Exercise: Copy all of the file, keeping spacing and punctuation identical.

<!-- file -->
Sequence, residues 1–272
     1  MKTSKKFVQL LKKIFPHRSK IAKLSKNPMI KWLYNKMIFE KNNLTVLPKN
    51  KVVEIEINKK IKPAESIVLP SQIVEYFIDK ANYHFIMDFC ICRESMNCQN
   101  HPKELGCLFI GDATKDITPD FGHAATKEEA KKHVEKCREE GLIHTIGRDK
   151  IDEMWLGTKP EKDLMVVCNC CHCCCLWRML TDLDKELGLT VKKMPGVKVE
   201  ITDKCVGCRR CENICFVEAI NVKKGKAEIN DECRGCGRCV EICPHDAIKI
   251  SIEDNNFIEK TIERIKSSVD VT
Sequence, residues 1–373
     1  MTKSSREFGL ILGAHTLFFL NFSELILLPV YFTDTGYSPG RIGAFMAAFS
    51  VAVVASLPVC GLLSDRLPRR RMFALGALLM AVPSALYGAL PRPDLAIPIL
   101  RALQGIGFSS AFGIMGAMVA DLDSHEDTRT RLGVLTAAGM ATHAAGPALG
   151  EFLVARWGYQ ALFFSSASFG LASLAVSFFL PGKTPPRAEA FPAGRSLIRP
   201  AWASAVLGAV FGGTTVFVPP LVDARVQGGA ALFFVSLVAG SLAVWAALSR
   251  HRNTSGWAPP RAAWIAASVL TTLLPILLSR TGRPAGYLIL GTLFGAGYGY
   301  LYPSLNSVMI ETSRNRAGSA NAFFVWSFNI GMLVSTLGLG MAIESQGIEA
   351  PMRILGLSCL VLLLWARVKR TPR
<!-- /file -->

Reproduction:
Sequence, residues 1–272
     1  MKTSKKFVQL LKKIFPHRSK IAKLSKNPMI KWLYNKMIFE KNNLTVLPKN
    51  KVVEIEINKK IKPAESIVLP SQIVEYFIDK ANYHFIMDFC ICRESMNCQN
   101  HPKELGCLFI GDATKDITPD FGHAATKEEA KKHVEKCREE GLIHTIGRDK
   151  IDEMWLGTKP EKDLMVVCNC CHCCCLWRML TDLDKELGLT VKKMPGVKVE
   201  ITDKCVGCRR CENICFVEAI NVKKGKAEIN DECRGCGRCV EICPHDAIKI
   251  SIEDNNFIEK TIERIKSSVD VT
Sequence, residues 1–373
     1  MTKSSREFGL ILGAHTLFFL NFSELILLPV YFTDTGYSPG RIGAFMAAFS
    51  VAVVASLPVC GLLSDRLPRR RMFALGALLM AVPSALYGAL PRPDLAIPIL
   101  RALQGIGFSS AFGIMGAMVA DLDSHEDTRT RLGVLTAAGM ATHAAGPALG
   151  EFLVARWGYQ ALFFSSASFG LASLAVSFFL PGKTPPRAEA FPAGRSLIRP
   201  AWASAVLGAV FGGTTVFVPP LVDARVQGGA ALFFVSLVAG SLAVWAALSR
   251  HRNTSGWAPP RAAWIAASVL TTLLPILLSR TGRPAGYLIL GTLFGAGYGY
   301  LYPSLNSVMI ETSRNRAGSA NAFFVWSFNI GMLVSTLGLG MAIESQGIEA
   351  PMRILGLSCL VLLLWARVKR TPR